Cases reported "encephalitis, st. louis"

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1/9. St. Louis encephalitis and the substantia nigra: MR imaging evaluation.

    neuroimaging findings in cases of St. Louis encephalitis (StLE) have yet to be reported despite the relatively high frequency of this entity. An epidemic permitted the documentation of isolated hyperintensity of the substantia nigra on T2-weighted images in two patients with StLE. This distribution of MR imaging abnormality in cases of StLE mirrors the reports presented in the literature that implicate the substantia nigra as peculiarly susceptible to the StLE virus. Isolated lesions of the substantia nigra revealed by T2-weighted imaging should suggest the possibility of StLE. ( info)

2/9. Electron microscopic diagnosis of human flavivirus encephalitis: use of confocal microscopy as an aid.

    The distinction between intracranial viral infections and inflammatory conditions requiring immunosuppression is important. Although specific laboratory reagents are readily available for some viruses, diagnosis of arbovirus infection is more difficult. Transmission electron microscopy (TEM) theoretically allows identification of viral particles independent of reagent availability, but it has limited sensitivity. We report two cases of human flavivirus encephalitis diagnosed by TEM. Laser scanning confocal microscopy (LSCM) was used in one case to survey unembedded tissue slices for focal abnormalities, from which fragments smaller than 1 mm2 were excised for epoxy embedding. This facilitated TEM identification of intracytoplasmic, budding, 35-40 nm spherical virus particles, confirmed by serology as St. Louis encephalitis. In contrast to mosquitoes and newborn mice, in which high viral loads are associated with minimal tissue responses, these biopsies showed florid angiodestructive inflammation and microgliosis, with rare virions in necrotic perivascular cells and astrocytes. To our knowledge, this represents the first ultrastructural study of St. Louis encephalitis in humans, indicating the potential value of LSCM-aided TEM. ( info)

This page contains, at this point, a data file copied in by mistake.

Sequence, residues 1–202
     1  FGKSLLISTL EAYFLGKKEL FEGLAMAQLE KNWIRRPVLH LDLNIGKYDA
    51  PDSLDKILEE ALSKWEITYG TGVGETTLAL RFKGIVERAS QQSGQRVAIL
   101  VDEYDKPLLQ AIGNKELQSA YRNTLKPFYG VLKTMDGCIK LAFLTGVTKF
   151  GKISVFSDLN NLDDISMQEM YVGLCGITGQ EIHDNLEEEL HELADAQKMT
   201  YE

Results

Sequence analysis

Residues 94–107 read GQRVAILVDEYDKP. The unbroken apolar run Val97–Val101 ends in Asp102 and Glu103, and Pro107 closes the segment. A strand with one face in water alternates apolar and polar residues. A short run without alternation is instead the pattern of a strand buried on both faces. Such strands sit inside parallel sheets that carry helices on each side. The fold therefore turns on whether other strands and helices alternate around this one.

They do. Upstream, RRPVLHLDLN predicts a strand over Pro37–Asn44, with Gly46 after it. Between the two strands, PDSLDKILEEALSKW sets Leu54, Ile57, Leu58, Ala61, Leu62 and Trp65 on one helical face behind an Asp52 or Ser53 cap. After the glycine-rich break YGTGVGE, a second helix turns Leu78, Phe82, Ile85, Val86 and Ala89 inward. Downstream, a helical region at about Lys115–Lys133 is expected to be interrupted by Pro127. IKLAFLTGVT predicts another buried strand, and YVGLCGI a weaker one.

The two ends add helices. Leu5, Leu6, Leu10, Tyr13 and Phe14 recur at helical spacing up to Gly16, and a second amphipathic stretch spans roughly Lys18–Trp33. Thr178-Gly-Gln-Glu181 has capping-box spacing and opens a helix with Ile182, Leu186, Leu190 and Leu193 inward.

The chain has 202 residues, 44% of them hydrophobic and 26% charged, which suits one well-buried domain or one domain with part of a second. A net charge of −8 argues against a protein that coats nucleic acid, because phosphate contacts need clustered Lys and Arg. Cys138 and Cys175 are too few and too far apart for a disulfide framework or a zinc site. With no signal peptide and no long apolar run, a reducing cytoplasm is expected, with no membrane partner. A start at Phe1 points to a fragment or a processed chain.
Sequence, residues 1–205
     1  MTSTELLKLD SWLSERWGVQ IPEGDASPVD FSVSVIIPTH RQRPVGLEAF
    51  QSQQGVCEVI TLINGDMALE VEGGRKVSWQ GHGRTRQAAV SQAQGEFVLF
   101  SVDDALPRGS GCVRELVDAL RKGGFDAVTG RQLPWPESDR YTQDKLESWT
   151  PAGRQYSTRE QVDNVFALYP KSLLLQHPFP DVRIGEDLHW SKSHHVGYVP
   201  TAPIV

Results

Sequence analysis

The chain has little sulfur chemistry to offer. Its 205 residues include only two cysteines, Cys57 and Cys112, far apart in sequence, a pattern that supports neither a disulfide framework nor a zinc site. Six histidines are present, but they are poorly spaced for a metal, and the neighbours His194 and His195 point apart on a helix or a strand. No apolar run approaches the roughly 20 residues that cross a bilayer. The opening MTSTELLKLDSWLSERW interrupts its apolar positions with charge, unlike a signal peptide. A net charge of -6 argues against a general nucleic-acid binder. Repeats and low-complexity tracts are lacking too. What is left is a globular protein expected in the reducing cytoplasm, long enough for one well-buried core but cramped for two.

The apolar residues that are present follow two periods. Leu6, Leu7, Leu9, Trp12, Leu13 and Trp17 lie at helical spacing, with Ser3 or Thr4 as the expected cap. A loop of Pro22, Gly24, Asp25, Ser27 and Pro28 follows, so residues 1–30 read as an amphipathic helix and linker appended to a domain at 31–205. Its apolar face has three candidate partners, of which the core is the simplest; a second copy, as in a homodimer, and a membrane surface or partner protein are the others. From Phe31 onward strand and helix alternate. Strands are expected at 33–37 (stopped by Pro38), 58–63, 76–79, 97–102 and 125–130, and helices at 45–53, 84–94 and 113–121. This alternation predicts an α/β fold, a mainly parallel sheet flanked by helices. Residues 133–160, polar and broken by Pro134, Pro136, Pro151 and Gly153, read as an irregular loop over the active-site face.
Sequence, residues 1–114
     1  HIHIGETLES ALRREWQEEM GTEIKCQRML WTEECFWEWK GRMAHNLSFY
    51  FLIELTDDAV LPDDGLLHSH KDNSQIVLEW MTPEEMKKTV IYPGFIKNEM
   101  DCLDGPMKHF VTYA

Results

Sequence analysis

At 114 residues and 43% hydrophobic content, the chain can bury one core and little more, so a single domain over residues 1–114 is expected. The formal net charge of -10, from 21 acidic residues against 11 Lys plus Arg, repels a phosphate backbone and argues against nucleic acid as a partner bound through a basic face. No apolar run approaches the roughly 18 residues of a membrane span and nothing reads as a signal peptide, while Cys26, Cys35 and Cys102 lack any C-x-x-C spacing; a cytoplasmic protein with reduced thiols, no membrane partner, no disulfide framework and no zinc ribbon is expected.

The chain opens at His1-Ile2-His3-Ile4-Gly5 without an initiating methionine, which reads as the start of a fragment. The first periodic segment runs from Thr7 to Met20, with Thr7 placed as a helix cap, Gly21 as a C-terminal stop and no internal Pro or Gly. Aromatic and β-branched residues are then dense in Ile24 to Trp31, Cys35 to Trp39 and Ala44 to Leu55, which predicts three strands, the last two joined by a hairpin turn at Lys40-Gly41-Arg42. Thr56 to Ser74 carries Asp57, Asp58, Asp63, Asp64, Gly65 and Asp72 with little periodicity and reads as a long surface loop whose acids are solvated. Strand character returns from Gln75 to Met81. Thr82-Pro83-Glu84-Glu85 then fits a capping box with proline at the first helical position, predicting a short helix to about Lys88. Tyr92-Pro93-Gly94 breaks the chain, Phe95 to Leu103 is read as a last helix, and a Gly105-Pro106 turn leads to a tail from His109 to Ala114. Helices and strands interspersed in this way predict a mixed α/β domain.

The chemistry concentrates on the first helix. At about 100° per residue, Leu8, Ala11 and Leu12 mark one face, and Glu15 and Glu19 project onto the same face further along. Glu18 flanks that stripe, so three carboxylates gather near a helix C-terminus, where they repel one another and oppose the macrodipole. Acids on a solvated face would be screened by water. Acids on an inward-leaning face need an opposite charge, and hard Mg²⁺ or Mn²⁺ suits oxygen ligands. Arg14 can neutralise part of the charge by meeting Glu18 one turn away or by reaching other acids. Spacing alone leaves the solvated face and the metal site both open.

3/9. The neurobehavioural consequences of St. Louis encephalitis infection.

    BACKGROUND: St. Louis encephalitis (SLE) is a relatively common cause of neurological illness, yet little is known about its cognitive and psychosocial consequences. PURPOSE: To describe the cognitive, emotional, psychophysiological, and psychosocial consequences of SLE infection. METHOD: A comprehensive neuropsychological and psychophysiological evaluation of a high functioning woman 6 weeks and 1 year after acute SLE infection is presented. The focus and course of rehabilitation is also examined. RESULTS: The primary cognitive consequences of SLE infection involved attention, working memory, speed of processing, and cognitive efficiency. depression was also observed. Psychometric testing suggested that these deficits largely resolved after 1 year. CONCLUSIONS: SLE produces neurocognitive deficits which are reflected in both psychometric and psychophysiologic measures and functional status. Psychometric and vocational improvement were observed over 1 year. However, the normal vocational return came at a significant psychosocial cost. This case emphasizes the importance of a comprehensive neuropsychological evaluation and illustrates the importance of an integrated rehabilitation programme. ( info)

4/9. Post-infectious encephalomyelitis associated with St. Louis encephalitis virus infection.

    Neurologic illness associated with acute St. Louis encephalitis, West Nile, and Japanese encephalitis virus infection includes acute aseptic meningitis, encephalomyelitis, and a poliomyelitis-like syndrome. Few post-infectious immune-mediated neurologic events associated with flaviviral infection have been reported. The authors report on a woman with apparent post-infectious encephalomyelitis associated with recent St. Louis encephalitis virus infection, suggesting that neurologic illness from flaviviruses may also be seen in the post-infectious period following mild clinical illness. ( info)

5/9. St. Louis encephalitis in early infancy.

    We describe a case of St. Louis encephalitis in a 19-day-old infant who presented with fever and seizure activity. To our knowledge, this is the youngest case of St. Louis encephalitis ever reported. ( info)